by | Mar 28, 2004 | Detroit Free Press | 0 comments

The debate over the Pledge of Allegiance seems to be about everything except the Pledge of Allegiance.

The actual pledge, let’s face it, is recited by children, mumbled by teenagers and forgotten by adults.

Few people know its history. You ask the average American who wrote it, he’ll tell you George Washington.

Even fewer know where the now-controversial “under God” words came from. Most believe they were there from the beginning, and the “beginning” was around 1776.

All of which makes the truth rather jolting: that the pledge itself was written in the 1890s, for a magazine, by a Baptist minister who saw no reason to insert anything about God.

Or that the words “under God” were added by Congress, at the behest of a Michigan senator and representative, only 50 years ago, as an attack on communism, which it perceived as godless. Those were the days, remember, when humiliating movie makers in front of Sen. Joe McCarthy made some Americans feel safer.

We’re embarrassed by that era now, because we see it for what it was. We are not so clear on the pledge. We do not see the pledge for what it is.

Instead, the pledge is like that magic fountain in “The Lord of the Rings.” All you see in it are your darkest fears.

On one hand . . .

Religious groups see “under God” as integral. They see the snipping of those words as a snipping of their faith, a slippery slope that will lead to further erosion. They point to America’s Christian forefathers. They point to the huge majority of God-fearing U.S. citizens. They point to our money or our courts
— where the word God is used regularly.

To them, it doesn’t matter that the pledge is mumbled by half-awake children, or that few of those children, if they are honest, will admit to getting much from its rote repetition. (After all, even if your 8-year-old says he gets the
“under God” part, ask him to translate what “allegiance” really means.)

The truth is, this was more a religious nation when the words were not in the pledge. Logic would suggest no real harm would come from deletion.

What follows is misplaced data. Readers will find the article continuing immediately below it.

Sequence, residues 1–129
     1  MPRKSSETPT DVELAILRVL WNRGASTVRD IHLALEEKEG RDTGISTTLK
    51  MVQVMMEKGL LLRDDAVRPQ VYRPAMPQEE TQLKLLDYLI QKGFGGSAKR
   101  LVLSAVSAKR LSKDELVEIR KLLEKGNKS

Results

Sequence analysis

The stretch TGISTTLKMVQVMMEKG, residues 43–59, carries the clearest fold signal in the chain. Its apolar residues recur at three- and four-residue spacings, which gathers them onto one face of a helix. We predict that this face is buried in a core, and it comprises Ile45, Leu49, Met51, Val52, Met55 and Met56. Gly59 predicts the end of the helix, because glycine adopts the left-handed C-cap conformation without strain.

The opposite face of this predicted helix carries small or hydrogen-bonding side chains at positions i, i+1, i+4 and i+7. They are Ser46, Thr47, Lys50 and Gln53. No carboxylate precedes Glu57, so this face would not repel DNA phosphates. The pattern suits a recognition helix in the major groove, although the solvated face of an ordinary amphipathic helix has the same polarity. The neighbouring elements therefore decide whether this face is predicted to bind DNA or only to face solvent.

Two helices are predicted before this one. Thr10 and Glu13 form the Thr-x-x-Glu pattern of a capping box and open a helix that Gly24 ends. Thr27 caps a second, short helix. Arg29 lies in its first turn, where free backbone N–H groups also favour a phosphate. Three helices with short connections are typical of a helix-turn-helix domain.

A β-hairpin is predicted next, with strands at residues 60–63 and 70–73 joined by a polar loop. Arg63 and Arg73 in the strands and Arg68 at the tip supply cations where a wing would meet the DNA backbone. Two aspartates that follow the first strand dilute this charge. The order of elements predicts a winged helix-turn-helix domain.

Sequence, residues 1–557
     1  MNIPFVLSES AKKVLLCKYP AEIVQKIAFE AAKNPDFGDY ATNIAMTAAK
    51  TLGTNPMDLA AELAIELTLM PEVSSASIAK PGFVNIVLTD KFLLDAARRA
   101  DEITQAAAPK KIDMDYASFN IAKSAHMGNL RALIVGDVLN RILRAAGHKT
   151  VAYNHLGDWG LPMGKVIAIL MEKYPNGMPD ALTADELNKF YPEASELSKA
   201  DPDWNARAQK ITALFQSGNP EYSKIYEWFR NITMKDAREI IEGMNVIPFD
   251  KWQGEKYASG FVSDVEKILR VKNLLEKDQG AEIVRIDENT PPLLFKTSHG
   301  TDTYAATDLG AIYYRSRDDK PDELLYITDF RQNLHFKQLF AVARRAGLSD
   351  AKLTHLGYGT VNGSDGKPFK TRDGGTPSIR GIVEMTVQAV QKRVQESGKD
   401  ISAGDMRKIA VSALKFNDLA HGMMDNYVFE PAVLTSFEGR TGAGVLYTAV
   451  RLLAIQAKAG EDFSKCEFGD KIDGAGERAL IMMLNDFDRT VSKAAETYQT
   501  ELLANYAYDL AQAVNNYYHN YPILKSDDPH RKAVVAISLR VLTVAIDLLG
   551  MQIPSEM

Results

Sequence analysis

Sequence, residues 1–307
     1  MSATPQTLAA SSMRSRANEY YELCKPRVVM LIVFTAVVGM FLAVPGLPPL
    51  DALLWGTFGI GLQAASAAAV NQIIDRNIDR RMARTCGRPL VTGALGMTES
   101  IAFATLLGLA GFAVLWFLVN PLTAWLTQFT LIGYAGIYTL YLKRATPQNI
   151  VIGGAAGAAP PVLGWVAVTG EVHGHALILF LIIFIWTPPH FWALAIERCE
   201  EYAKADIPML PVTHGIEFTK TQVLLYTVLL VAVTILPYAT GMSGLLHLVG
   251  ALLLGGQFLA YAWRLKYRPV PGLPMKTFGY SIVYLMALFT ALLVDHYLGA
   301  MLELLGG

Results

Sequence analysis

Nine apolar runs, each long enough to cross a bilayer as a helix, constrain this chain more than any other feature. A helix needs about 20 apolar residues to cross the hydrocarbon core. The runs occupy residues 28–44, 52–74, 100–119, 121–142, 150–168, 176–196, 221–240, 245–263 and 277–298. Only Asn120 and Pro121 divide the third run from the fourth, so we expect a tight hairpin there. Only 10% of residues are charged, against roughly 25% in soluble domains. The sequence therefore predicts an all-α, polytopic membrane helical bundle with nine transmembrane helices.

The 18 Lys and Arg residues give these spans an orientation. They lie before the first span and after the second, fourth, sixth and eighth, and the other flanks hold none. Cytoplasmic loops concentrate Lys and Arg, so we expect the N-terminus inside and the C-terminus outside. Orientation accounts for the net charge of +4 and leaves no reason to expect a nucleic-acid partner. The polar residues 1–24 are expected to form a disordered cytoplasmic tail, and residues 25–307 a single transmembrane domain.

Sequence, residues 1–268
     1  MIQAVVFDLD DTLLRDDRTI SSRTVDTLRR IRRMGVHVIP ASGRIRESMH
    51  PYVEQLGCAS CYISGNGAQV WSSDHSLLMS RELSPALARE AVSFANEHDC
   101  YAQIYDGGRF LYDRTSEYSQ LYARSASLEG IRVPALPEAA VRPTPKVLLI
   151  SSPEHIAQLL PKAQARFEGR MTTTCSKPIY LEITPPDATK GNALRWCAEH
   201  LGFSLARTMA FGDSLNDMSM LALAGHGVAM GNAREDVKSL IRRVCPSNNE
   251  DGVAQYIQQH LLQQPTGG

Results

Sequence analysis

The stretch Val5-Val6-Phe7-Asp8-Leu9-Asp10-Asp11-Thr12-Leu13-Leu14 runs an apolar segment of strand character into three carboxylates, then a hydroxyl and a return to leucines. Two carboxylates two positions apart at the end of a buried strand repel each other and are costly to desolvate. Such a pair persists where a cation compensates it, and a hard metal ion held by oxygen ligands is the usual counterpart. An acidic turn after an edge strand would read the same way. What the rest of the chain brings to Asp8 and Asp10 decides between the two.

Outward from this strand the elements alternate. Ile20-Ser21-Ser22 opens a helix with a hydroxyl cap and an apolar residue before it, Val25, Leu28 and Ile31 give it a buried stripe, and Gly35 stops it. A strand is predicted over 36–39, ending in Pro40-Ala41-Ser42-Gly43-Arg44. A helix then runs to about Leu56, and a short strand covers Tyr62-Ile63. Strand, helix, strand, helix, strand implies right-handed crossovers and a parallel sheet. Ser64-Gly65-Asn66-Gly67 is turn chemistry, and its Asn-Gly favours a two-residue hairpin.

But this is not about logic.

Take the other side, those who want the words removed. They see “under God” as religious coercion. They see clear violation of separation of church and state. They claim children are pressured into acknowledging a deity that they may not believe in and are ostracized if they don’t.

To them, it doesn’t matter that most kids couldn’t care less who says the pledge and who doesn’t. To them it doesn’t matter that many of us mouthed the words in grade school.

To them, it doesn’t matter that the number of children who might really be harmed by this 10-second morning ritual probably could fit in one classroom.

To them, this is about U.S. history, our freedom from religious pressure, and the slippery slope — there’s that phrase again — that might be sparked by an affirmation of God’s place in our words.

Much ado about nothing

What’s ironic is that both sides must exaggerate “under God” to make their points. The “take it out” group must act as if it’s a Holy Communion and a Bar Mitzvah rolled into one. The “leave it in” group must act as if the phrase is so secular it doesn’t even constitute religion.

And meanwhile, we’ll spend more time fighting over this than actually getting our kids educated.

But that’s the truth of America today. We would rather argue the theoretical than face the practical. We’ll have congressional hearings on Janet Jackson’s breast, but send our kids to school in tight, revealing clothing. We’ll argue over gays marrying but ignore divorces up and down our block. We’ll scream over an assault weapons ban, but buy video games to commit countless virtual murders.

The truth is, this “under God” thing wasn’t much of an issue until someone made it an issue. But our knees are jerky. We fear our slippery slopes. And now the only folks who aren’t worked up over the pledge are the kids who actually say it.

Contact MITCH ALBOM at 313-223-4581 or


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Mitch Albom writes about running an orphanage in impoverished Port-au-Prince, Haiti, his kids, their hardships, laughs and challenges, and the life lessons he’s learned there every day.

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